Beef cuts receives Heart-Check

Beef cuts receives Heart-Check

THE American Heart Assn. (AHA) has awarded its "Heart-Check" mark to three additional extra-lean beef cuts, bringing the number of beef cuts that can affix the mark to packaging to six, according to an announcement by the Cattlemen's Beef Board.

The cuts include the boneless top sirloin petite roast, top sirloin filet, top sirloin kabob, top sirloin stir-fry, sirloin tip steak and bottom round steak.

The additional certifications represent "another milestone in the beef checkoff's efforts to assist consumers in understanding the positive health and nutrition benefits of beef," said Jeanne Harlan, an Illinois beef producer and chair of the beef industry health and nutrition subcommittee.

The certifications and other independent research confirm to consumers that extra-lean beef is "a building block for an overall heart-healthy diet," added Cheryl Hendricks, a registered dietitian at the National Cattlemen's Beef Assn., the board's primary contractor.

Consumers look to and trust retailers for nutrition information, Hendricks said. Displaying the AHA Heart-Check mark in the meat case as a point-of-sale item or on meat package labels makes it easier for consumers to identify extra-lean, heart-healthy beef, she said.

It also helps beef producers and retailers increase sales, Hendricks added.

Hundreds of stores across the country display the Heart-Check mark on certified beef items, and the Beef Board has integrated promotional tools for stores to use, including on-pack labels, posters and recipes, according to the announcement.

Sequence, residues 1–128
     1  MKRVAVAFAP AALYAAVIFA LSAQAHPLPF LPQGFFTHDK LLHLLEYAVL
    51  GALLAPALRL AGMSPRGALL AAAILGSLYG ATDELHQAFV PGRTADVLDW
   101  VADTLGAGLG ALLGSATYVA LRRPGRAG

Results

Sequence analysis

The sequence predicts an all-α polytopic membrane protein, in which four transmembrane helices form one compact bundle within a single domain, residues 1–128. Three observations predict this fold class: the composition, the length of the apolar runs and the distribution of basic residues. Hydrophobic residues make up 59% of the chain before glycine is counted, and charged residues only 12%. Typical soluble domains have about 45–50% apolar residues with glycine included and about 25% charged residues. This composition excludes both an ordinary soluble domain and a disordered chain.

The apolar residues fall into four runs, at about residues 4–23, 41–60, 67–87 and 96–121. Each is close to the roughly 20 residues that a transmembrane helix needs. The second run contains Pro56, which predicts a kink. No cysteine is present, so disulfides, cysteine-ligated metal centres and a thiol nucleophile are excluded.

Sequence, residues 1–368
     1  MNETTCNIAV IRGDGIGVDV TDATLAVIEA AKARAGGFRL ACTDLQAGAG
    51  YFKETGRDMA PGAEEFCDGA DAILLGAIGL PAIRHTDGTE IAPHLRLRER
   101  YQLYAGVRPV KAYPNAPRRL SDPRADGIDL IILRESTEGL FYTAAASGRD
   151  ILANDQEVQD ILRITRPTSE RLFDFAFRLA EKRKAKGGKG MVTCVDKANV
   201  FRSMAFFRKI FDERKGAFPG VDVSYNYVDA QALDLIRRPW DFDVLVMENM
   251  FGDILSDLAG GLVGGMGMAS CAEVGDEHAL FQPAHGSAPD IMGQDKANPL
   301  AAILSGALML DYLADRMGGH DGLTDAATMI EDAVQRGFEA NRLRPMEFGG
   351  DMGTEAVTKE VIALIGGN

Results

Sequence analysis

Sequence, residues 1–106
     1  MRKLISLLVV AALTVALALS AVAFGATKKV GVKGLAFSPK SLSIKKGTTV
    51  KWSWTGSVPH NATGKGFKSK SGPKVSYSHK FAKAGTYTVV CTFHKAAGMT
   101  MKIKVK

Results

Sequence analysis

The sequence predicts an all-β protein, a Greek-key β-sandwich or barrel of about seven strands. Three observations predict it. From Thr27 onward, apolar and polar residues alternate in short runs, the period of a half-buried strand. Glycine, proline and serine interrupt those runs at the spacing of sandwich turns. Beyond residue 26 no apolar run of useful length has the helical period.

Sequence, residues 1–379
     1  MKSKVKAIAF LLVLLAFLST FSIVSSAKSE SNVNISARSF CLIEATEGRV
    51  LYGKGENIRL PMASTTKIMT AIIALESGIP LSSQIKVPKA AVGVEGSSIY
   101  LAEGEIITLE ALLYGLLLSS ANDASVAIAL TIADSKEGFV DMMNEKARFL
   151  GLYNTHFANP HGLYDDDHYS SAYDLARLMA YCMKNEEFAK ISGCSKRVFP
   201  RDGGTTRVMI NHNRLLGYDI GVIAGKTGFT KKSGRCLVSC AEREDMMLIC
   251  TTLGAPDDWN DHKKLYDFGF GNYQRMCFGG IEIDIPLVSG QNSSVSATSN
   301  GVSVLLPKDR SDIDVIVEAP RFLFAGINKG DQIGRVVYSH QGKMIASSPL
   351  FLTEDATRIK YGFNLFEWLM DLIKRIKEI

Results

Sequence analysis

About 75% of shoppers say the Heart-Check mark increases the likelihood that they will buy the marked product, and incremental sales increase an average of 5% when point-of-sale tools are used to call consumers' attention to the marked products, the announcement said.

K-V-A-T Stores began using the promotional tools and merchandising Heart-Check beef products in 94 stores in 2011. Steve Holloway, director of meat and seafood operations at the company, said he is "extremely pleased" with the results and noted that the Heart-Check mark has proved valuable in informing shoppers that they can eat extra-lean beef as part of a healthy lifestyle.

AHA noted that it established the Heart-Check mark in 1995 and follows science-based guidelines when awarding the mark to food products to provide consumers with "a reliable system for identifying heart-healthy foods as a first step in building a sensible eating plan." AHA said more than 900 products currently carry the mark.

The Beef Board manages the national beef checkoff, which collects $1 per head in all cattle selling transactions to fund beef industry advertising and promotion, consumer information, industry research and producer education.

Volume:85 Issue:13

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